Technology is a fantastic source of innovation for education businesses. It has transformed how students perceive the world and how they learn, so it has to be central in any updated educational model. Technology helps to accelerate innovation processes because networking and know-how transfer is very easy. In order to help teachers to create new learning experiences through technology, we have to invest in training and encourage trial and error. Changing assessment policies is also key to achieving this evolution.

What is the biggest obstacle you have had to overcome to ensure students are receiving a quality education?

The biggest obstacle is the conservative approach to education of parents and society in general. Most parents want for their children the same kind of education they had, because it really worked for them. Explaining the new challenges that their children will face in the future is key to starting the conversation.

The second obstacle is regulation; local authorities tend to stop any innovation that drives education in a direction that they don´t control.

What is your country doing right to support education?

Public education in Spain (80 percent of the market) needs a deep transformation, as shown by the poor results in PISA rankings. Due to the economic crisis, the education budget is being reduced. A complete reform, with long-term objectives and no political view is needed.

What conditions must change in your country to better support education?

More flexibility for schools and universities, better management of resources and getting politicians out of the system are key to improving the situation.

What is the best opportunity for innovation in education?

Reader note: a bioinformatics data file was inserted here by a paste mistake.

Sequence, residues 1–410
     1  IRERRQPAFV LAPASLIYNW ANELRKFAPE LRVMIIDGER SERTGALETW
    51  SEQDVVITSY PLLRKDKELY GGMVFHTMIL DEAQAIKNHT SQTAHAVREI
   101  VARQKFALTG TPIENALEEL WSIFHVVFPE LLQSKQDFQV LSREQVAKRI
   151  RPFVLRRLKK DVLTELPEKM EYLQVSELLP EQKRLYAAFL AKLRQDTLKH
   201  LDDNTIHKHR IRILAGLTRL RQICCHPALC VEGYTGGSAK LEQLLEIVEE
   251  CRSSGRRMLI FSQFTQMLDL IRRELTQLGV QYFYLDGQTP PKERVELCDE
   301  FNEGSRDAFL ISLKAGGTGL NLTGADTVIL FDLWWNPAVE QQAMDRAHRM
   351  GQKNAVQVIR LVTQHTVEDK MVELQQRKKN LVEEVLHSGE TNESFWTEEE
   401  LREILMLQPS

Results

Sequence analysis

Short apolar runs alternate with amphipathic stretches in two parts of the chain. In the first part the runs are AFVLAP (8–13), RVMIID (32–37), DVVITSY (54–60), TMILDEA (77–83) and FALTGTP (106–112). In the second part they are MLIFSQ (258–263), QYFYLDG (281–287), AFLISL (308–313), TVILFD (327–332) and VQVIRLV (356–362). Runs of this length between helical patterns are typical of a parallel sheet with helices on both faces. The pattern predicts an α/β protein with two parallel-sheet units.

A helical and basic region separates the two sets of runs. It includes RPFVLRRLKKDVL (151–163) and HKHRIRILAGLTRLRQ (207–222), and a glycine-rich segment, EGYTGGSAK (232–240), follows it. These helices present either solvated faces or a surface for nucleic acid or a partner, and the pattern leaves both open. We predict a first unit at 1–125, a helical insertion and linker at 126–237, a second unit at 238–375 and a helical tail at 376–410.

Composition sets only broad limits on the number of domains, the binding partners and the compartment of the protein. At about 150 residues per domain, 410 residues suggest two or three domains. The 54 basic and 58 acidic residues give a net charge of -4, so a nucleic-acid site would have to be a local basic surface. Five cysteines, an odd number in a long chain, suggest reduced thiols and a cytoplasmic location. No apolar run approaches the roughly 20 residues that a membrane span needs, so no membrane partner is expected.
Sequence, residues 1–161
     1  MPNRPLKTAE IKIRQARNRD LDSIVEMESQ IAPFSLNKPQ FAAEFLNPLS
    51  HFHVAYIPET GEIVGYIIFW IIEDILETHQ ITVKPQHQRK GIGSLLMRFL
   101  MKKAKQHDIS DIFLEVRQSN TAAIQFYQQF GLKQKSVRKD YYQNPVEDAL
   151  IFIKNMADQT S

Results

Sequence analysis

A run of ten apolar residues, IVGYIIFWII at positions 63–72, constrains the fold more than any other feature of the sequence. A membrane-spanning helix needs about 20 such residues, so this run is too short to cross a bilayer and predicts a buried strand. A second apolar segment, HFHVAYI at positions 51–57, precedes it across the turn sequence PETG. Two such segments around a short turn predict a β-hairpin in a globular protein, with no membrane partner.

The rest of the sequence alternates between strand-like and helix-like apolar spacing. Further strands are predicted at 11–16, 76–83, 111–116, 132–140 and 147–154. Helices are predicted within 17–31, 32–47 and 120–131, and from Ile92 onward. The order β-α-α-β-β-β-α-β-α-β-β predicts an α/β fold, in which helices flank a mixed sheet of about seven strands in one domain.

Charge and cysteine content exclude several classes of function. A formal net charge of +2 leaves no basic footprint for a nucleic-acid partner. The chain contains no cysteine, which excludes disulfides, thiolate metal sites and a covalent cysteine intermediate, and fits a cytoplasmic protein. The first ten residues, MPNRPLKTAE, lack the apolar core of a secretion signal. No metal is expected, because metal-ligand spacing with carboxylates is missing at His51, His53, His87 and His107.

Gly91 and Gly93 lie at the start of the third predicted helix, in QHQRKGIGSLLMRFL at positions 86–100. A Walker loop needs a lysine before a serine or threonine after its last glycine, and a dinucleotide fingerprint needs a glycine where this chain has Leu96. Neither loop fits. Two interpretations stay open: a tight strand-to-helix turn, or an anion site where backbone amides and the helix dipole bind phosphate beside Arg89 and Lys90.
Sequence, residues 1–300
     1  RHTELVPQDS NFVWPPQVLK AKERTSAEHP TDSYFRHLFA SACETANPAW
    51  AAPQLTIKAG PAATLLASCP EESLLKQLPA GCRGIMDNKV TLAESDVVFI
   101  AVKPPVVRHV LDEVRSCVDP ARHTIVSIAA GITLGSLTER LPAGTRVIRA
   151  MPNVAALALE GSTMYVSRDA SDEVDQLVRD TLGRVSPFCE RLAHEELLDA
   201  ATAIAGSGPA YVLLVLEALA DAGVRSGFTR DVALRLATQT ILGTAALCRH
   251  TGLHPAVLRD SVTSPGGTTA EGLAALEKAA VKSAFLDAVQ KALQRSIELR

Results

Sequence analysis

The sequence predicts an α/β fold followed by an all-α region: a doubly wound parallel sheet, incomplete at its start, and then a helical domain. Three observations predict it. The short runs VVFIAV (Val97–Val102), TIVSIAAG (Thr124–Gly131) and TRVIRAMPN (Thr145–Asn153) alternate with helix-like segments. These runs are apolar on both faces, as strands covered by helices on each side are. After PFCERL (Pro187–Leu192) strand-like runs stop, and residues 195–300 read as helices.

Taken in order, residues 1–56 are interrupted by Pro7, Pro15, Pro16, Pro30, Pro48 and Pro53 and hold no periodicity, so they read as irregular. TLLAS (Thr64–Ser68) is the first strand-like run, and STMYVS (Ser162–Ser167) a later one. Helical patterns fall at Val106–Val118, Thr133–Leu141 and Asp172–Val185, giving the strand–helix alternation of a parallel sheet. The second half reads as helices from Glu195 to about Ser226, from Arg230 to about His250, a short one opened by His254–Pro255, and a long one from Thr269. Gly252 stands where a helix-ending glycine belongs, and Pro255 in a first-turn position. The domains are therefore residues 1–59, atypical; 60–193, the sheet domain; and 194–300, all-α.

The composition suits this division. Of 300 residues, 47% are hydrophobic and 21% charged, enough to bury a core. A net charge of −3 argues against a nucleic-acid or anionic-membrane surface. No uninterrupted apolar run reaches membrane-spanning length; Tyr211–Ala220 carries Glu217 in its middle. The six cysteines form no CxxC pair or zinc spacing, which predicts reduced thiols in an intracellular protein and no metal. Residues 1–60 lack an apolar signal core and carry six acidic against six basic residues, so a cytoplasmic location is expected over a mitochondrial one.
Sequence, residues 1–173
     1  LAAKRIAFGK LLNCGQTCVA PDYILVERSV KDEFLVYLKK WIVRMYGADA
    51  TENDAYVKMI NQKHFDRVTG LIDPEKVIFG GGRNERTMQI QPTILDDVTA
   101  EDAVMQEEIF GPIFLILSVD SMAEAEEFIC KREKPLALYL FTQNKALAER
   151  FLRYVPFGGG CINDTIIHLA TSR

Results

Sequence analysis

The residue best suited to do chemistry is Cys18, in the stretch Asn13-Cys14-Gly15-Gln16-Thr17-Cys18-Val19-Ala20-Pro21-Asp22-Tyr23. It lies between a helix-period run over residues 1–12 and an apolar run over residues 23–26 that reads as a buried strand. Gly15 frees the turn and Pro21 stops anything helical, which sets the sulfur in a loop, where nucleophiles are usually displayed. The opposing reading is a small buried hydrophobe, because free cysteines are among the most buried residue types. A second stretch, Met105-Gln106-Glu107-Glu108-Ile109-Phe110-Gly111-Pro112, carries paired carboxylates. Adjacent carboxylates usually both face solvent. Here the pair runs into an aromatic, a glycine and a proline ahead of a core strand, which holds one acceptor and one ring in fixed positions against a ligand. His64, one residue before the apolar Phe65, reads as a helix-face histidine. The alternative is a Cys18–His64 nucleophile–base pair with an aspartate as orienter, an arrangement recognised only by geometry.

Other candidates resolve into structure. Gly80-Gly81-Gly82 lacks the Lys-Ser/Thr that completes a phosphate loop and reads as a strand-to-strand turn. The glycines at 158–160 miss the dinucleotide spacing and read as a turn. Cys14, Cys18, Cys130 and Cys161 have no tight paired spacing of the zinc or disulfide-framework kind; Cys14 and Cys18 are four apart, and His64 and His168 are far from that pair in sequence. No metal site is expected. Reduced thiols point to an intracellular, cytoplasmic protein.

Technology allows learning anytime, anywhere. Education businesses should use that opportunity to go beyond the classroom, and create a long term relationship with the student that can last for a whole life.

What advice would you give a new teacher (or to anyone wanting to make a difference in education)?

I would recommend forgetting about teaching and concentrating on learning: creating powerful learning experiences that connect with the students passions and use the communication codes that they value more. The best teacher is one that helps us to grow as a person, the one that boost our potential. Sharing learning experiences with students is more effective than telling them about the subject and it is for free!

What educational “trend” do you think is helping students? Is there a trend that is getting in the way of learning?

Students move easier in social networks than in schools or universities. We need to find the way to incorporate social networks into the learning design.

If you could give one educational tool to every child in the world, what would it be? Why?

I would give them a tablet with a good internet connection!!!  And a passion for learning.  Education is not about devices, but accessibility to information and guidance to exploit it.

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About  Luisa Tristán

Birthplace: Spain
Current residence: Spain (I have also lived and worked in Italy and Malaysia)
Education: Masters in Business Administration
Website I check every day: Zite’s sections about education and higher education
Person who inspires me most:  Steve Jobs, Gandhi, Julius Caesar
Favorite childhood memory:  My father’s stories about his childhood
Next travel destination (work or pleasure): Brazil (work and some pleasure, I hope!)
When was the last time you laughed? Why? Yesterday, having dinner with
friends and telling old stories. I laugh everyday (or at least I try!!).
Favorite book: The Grass Crown by Colleen McCullough
Favorite music: All types of jazz
Your favorite quote or motto: Life is like riding a bicycle. To keep your balance, you must keep moving. – Albert Einstein